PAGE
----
At a recent South African Telemedicine Conference, UKZN PhD student, Ms Caron Jack’s presentation scooped first prize. Her study titled, “Informed Consent for Telemedicine in South Africa: Clinical Practice versus the Legislators” aimed to understand whether in a developing country, written informed consent is obtained by healthcare professionals when transferring clinical information about a patient through telephone, fax or e-mail communication tools. In other words, how relevant would it be, in a developing world, to regulate telemedicine?
Due to the growing shortage of health practitioners in developing countries, telemedicine is regarded as a new, efficient way of offering medical services. However, regulators feel that telemedicine presents many ethical challenges. The Health Professions Council of South Africa (HPCSA) has proposed that clinical, operational and ethical guidelines should be developed by the governing bodies or associations of the various clinical disciplines using information and communication technologies in the provision of healthcare. It is proposed that a regulated telemedicine environment would ensure improved access, service delivery and quality of care for rural communities in South Africa.
The proposed HPCSA guidelines suggest that for every telemedicine encounter, written, informed consent should be given by the patient to the clinician for every aspect of that telemedicine encounter, based on full and frank disclosure of all the material facts. This would include the transfer of patient records, storage of information, clinical examinations and consultation with another practitioner electronically. Through her study, which consisted of 400 healthcare professionals from the private and public sectors in the province of KwaZulu-Natal, Jack found that the majority of healthcare professionals only obtained verbal consent from the patient when transferring clinical information, referrals to other specialists, clinical examinations and ordering investigations.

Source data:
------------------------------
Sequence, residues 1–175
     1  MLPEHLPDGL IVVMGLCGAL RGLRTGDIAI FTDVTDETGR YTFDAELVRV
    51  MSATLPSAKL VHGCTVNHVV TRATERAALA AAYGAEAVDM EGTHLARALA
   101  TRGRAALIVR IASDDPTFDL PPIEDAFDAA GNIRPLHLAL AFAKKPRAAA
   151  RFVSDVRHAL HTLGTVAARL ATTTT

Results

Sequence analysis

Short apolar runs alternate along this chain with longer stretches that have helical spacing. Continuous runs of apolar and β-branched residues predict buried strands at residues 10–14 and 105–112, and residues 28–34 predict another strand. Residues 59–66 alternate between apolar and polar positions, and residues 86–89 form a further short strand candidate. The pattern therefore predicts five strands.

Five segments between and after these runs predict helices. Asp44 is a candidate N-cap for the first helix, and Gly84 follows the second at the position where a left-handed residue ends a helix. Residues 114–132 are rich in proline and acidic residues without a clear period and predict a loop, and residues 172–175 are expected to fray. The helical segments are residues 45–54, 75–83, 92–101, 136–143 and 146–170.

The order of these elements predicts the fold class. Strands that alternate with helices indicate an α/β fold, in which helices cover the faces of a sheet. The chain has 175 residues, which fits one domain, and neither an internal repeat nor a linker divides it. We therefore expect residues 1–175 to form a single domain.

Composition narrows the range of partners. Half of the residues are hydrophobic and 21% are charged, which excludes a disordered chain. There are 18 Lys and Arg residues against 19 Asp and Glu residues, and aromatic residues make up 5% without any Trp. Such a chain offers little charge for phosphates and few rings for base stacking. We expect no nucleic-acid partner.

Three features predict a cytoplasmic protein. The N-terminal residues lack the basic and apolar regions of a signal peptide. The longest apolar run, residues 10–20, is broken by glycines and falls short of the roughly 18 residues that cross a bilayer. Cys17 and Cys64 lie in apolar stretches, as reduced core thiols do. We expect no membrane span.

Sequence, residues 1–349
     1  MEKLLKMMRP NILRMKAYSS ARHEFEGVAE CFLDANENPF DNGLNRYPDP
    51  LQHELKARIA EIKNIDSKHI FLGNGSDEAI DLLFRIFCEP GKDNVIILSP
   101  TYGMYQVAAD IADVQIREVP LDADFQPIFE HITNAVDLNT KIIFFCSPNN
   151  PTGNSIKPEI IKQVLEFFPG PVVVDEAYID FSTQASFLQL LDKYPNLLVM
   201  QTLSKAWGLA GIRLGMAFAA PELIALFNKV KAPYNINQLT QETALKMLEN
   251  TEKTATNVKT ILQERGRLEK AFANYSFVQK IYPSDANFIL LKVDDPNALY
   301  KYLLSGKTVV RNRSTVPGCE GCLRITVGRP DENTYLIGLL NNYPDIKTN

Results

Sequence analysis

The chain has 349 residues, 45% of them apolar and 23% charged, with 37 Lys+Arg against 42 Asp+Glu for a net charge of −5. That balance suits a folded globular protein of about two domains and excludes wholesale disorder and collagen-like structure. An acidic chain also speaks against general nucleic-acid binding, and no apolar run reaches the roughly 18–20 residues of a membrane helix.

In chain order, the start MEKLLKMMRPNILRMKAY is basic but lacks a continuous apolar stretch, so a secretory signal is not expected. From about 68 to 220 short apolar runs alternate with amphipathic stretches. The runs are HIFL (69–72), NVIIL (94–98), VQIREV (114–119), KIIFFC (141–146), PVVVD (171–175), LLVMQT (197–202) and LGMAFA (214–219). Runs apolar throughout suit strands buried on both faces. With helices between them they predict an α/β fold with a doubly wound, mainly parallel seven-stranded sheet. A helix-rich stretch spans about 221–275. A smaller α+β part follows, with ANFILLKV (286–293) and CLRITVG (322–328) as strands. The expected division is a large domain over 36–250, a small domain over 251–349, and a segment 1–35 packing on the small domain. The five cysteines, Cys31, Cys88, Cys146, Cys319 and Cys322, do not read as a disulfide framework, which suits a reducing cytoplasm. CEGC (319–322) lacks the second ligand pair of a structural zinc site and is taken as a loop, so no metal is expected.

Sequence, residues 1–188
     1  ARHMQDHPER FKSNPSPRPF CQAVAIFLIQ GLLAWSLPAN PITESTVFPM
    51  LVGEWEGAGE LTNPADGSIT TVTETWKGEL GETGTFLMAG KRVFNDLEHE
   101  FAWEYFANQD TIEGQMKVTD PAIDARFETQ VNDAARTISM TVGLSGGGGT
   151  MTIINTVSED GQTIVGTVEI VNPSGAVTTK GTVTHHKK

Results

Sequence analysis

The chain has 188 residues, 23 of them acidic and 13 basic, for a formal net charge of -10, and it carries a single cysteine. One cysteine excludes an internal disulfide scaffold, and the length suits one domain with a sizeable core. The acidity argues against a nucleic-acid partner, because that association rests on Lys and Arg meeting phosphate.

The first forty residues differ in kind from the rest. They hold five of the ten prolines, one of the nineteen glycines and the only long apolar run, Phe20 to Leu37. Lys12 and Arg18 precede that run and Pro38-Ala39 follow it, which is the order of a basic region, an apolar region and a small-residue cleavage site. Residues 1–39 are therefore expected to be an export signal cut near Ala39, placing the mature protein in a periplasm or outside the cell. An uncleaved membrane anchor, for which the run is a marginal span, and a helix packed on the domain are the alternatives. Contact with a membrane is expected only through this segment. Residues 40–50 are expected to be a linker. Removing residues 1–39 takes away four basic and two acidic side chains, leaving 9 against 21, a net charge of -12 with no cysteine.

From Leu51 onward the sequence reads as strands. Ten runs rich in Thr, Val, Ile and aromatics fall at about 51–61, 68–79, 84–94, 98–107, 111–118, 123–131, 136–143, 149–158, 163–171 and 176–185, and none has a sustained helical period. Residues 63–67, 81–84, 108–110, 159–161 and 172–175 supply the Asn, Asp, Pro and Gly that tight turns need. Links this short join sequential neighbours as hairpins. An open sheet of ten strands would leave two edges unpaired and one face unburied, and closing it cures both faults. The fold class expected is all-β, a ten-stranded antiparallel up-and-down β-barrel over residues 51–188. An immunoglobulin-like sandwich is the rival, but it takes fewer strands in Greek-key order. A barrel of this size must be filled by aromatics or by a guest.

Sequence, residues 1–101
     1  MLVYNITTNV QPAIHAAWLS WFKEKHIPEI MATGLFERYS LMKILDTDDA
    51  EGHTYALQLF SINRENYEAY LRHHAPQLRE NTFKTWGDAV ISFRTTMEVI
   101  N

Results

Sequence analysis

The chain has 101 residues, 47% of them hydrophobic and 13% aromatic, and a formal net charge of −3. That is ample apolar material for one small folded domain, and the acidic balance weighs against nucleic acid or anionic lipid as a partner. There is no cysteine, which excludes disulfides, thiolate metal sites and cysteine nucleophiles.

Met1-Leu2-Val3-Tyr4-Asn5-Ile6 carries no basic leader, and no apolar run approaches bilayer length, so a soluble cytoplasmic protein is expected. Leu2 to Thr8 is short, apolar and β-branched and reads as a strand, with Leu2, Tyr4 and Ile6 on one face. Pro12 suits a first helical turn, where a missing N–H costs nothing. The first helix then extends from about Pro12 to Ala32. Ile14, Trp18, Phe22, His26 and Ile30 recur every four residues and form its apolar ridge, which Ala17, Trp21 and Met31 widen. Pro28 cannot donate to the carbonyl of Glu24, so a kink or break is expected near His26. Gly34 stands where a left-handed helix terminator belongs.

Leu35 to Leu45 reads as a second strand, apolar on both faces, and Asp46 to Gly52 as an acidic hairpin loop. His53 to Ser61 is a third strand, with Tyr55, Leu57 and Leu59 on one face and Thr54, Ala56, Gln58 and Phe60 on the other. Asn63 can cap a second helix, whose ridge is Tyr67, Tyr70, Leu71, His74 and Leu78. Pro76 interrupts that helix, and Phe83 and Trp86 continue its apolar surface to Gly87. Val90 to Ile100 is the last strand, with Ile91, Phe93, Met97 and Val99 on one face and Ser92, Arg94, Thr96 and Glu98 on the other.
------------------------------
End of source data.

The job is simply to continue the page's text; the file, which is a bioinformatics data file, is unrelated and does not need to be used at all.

She concluded that the imposition of signed informed consent by regulators would impede telemedicine use. ‘Legislation should be enabling and not obstructive. In a country like South Africa, regulators assume that every citizen, including healthcare workers and patients, is technologically literate and that every one of our 11 official languages contains words for technology and data security measures employed by telemedicine,’ Jack said.
Jack has recently published a study titled, “Language, Cultural Brokerage and Informed Consent: Will Technological Terms Impede Telemedicine Use?” Her findings suggest that a direct translation of most computer terminology into isiZulu is very limited. She concluded that the lack of a lexicon of technological and computing terms in a language may well make it impossible to meet the full legal requirement for valid informed consent, as set out by the HPCSA.
‘Ensuring that patients are provided with information of sufficient quality and quantity in their own language, to ensure that they will be genuinely informed and able to make an autonomous choice as to their preferred treatment will require appropriate consent tools,’ said Jack. ‘Telemedicine laws and the issue of informed consent for telemedicine remain controversial,’ she added.